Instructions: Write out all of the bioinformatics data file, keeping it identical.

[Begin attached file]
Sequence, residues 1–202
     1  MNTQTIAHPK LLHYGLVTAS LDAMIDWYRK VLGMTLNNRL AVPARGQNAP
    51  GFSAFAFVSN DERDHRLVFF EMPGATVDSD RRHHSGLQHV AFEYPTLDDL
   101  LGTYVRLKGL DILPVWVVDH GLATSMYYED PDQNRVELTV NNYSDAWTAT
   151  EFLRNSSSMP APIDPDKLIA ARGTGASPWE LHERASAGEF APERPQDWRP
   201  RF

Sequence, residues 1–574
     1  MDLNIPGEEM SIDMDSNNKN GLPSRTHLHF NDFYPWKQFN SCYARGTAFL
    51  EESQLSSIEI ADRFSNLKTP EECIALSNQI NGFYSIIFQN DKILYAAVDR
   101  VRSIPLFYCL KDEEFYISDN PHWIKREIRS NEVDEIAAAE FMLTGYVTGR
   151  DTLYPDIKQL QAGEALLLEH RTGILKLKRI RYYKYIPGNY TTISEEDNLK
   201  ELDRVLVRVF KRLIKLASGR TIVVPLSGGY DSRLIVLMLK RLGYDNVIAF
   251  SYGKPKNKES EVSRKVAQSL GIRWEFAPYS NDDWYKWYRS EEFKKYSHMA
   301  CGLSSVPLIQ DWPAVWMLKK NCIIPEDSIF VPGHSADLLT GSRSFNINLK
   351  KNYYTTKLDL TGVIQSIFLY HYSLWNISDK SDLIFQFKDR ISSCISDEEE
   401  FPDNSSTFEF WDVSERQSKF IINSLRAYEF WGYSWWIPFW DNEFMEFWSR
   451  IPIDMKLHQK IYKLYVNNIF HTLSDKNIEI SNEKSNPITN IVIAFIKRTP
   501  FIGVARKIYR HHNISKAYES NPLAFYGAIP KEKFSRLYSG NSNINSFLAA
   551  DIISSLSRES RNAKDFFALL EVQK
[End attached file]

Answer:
Sequence, residues 1–202
     1  MNTQTIAHPK LLHYGLVTAS LDAMIDWYRK VLGMTLNNRL AVPARGQNAP
    51  GFSAFAFVSN DERDHRLVFF EMPGATVDSD RRHHSGLQHV AFEYPTLDDL
   101  LGTYVRLKGL DILPVWVVDH GLATSMYYED PDQNRVELTV NNYSDAWTAT
   151  EFLRNSSSMP APIDPDKLIA ARGTGASPWE LHERASAGEF APERPQDWRP
   201  RF

Sequence, residues 1–574
     1  MDLNIPGEEM SIDMDSNNKN GLPSRTHLHF NDFYPWKQFN SCYARGTAFL
    51  EESQLSSIEI ADRFSNLKTP EECIALSNQI NGFYSIIFQN DKILYAAVDR
   101  VRSIPLFYCL KDEEFYISDN PHWIKREIRS NEVDEIAAAE FMLTGYVTGR
   151  DTLYPDIKQL QAGEALLLEH RTGILKLKRI RYYKYIPGNY TTISEEDNLK
   201  ELDRVLVRVF KRLIKLASGR TIVVPLSGGY DSRLIVLMLK RLGYDNVIAF
   251  SYGKPKNKES EVSRKVAQSL GIRWEFAPYS NDDWYKWYRS EEFKKYSHMA
   301  CGLSSVPLIQ DWPAVWMLKK NCIIPEDSIF VPGHSADLLT GSRSFNINLK
   351  KNYYTTKLDL TGVIQSIFLY HYSLWNISDK SDLIFQFKDR ISSCISDEEE
   401  FPDNSSTFEF WDVSERQSKF IINSLRAYEF WGYSWWIPFW DNEFMEFWSR
   451  IPIDMKLHQK IYKLYVNNIF HTLSDKNIEI SNEKSNPITN IVIAFIKRTP
   501  FIGVARKIYR HHNISKAYES NPLAFYGAIP KEKFSRLYSG NSNINSFLAA
   551  DIISSLSRES RNAKDFFALL EVQK